TL;DR - If you’re looking for the reason why the variables are AWOL then I can’t help, but if you want to know what I tried and how I worked around my specific problem, then read on…
Back when we first set up Jenkins I soon noticed that all the files in the workspace had LF style line endings instead of CR/LF as you would expect on Windows; this was despite following the advice in the often-cited GitHub page to set things up correctly. I’d managed to live with it to date but now we were suddenly involved in a tactical project and were deploying to staging & production where trying to edit application .config files on servers that only had Notepad was like pulling teeth. I really needed to sort it out once and for all.
The last time I tried to fix this I logged into the Jenkins build server, fired up a command prompt (as the Jenkins user account using RUNAS) and then executed “git config --global core.autocrlf true”. For good measure I also wiped the Jenkins workspace to ensure that I’d get a freshly cloned repo when the build job next ran. It didn’t work and I’d already put a few hours into the problem so had to put my spade down and go do some work instead.
Coming to the problem once again all fresh and reinvigorated some months later I surmised that the problem must be down to the Jenkins build account not picking up the --global scoped setting. After a quick recap on the differences between --system, --global and --local and where the files were stored, my next guess was that the account might be being used without a profile. So I checked again, this time using the /noprofile switch with RUNAS:-
C:\> runas /noprofile /user:DOMAIN\BuildAccount cmd.exe
<new command prompt>
E:\Jenkins> git config --config core.autocrlf
The setting was exactly as I had left it last time. The next stop was to inject an extra build step into the Jenkins job and see what it thought was going on. For good measure I dumped all the different scoped values to see what exactly was set and where:-
E:\Jenkins> C:\Program Files (x86)\git\bin\git.exe config --local core.autocrlf
E:\Jenkins> C:\Program Files (x86)\git\bin\git.exe config --global core.autocrlf
E:\Jenkins> C:\Program Files (x86)\git\bin\git.exe config --system core.autocrlf
Suspicion confirmed - the Jenkins job doesn’t see the setting. But why?
I started reading a little more closely about where the .gitconfig file would be picked up from and used “git config --global --edit” to see what path the editor  had loaded the file from. Sure enough, from my command prompt it loaded the correct file, although the HOMEDRIVE was set to C: and HOMEPATH was set to \Windows\system32 which seemed a little odd. The USERPROFILE variable on the other hand pointed correctly to the profile folder, not that it’s used by Git, but it was a useful check.
So I decided to just go ahead and set the autocrlf setting via the Jenkins job, hoping that at least it would stick even if I didn’t know at that moment where the setting would end up. To my surprise I got the following weird error:-
E:\Jenkins> "c:\Program Files (x86)\Git\bin\git.exe" config --global core.autocrlf true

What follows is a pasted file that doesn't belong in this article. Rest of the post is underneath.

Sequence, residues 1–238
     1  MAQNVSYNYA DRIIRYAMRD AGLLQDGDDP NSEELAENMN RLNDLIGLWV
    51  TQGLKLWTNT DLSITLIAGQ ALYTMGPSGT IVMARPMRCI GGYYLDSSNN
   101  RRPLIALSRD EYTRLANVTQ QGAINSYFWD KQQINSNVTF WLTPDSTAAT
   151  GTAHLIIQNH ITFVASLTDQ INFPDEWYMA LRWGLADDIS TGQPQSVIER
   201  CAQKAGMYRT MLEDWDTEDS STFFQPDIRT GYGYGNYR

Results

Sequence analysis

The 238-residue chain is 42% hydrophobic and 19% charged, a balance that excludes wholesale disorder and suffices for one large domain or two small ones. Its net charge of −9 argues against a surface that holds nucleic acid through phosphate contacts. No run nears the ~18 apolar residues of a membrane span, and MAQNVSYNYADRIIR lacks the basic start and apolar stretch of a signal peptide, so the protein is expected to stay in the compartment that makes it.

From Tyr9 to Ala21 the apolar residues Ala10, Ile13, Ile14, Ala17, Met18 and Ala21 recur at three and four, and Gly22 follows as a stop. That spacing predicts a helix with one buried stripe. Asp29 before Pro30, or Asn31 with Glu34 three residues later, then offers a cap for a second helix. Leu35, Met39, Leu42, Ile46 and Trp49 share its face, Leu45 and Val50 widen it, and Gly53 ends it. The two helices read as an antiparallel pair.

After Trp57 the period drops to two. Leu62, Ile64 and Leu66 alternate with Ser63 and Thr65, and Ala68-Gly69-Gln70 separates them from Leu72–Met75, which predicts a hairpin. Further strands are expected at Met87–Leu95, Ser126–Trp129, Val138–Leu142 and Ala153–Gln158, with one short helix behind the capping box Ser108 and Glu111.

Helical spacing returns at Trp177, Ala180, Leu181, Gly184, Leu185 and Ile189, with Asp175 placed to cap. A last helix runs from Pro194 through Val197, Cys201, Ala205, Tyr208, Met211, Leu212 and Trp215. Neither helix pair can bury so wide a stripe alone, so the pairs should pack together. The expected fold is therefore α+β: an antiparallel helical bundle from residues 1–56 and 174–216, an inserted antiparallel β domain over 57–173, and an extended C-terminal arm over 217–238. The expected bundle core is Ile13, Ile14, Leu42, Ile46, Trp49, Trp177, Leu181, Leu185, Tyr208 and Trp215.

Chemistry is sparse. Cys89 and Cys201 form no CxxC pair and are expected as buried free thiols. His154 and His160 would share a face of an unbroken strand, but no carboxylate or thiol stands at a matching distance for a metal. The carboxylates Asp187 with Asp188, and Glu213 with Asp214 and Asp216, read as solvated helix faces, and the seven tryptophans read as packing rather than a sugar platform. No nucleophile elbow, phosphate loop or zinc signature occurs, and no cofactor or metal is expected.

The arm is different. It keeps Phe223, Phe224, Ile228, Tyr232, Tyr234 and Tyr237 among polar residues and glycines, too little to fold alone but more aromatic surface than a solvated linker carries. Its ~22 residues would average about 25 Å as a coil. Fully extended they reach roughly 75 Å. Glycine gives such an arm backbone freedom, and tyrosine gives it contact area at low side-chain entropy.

error: could not lock config file (null)/(null)/.gitconfig: No such file or directory
I didn’t twig at first what the error in the path was telling me so naturally I Googled it. I got a hit that was related to Jenkins (JENKINS-19249) and was quite excited. When I read the issue I found that it was a similar problem, superficially, but there were no comments; not even so much as a “me too!” to at least show me I wasn’t the only one. I did a bit more Googling about how the path to the --global .gitconfig file is derived and it dawned on me what might be happening, so I dump out all the environment variables the Jenkins job sees with a call to SET.
Guess what - the HOMEDRIVE and HOMEPATH variables are not set. The way Git forms the path is with %HOMEDRIVE%/%HOMEPATH%. In C/C++ if you printf(“%s”, NULL); by accident you’ll often see the value “(null)” instead of it crashing  - hence there is one “(null)” for the HOMEDRIVE and another “(null)” for the HOMEPATH. For what it’s worth the USERPROFILE variable was still set correctly.
Solving My Problem
Ultimately I just wanted the line endings to be correct and so I took the rather heavy handed approach and used “git config --system core.autocrlf true” from an elevated command prompt as it meant altering the gitconfig file in the C:\Program Files (x86)\git\etc folder. Actually I forgot to use an elevated command prompt first time around and the file-system redirection added back in Vista kicked in and it wrote to a per-user virtualised version of the gitconfig file instead, doh!
I don’t particularly like this solution but I’m modifying the build server which is a carefully controlled environment anyway and it’s highly unlikely to be used for mixing-and-matching Git repos with different line endings.
As I mentioned right back at the very start - I don’t know why the variables aren’t set. At first I assumed it might have been down to the way the user profile might have been loaded as Jenkins runs as a service, but I couldn’t find anything in the MSDN Knowledge Base that suggested why this might happen.
Failing that it might be a Jenkins issue. It’s a CI server and so perhaps this is done on purpose to ensure builds are user agnostic or something. If that was the case though I’d expect there to be a very popular StackOverflow post asking why their variables have been silently nobbled, but I didn’t stumble across one.
As always, once you know the answer, Googling for it is so much easier. As a Jenkins newbie too I’ll probably find out what’s really going on as I get into it more.
 Watch out for this as it’ll use VI as the editor by default. Luckily the one key sequence I can still remember after 25 years is to how exit it!
 I’m guessing this behaviour isn’t defined by the C/C++ standard but a common implementation choice?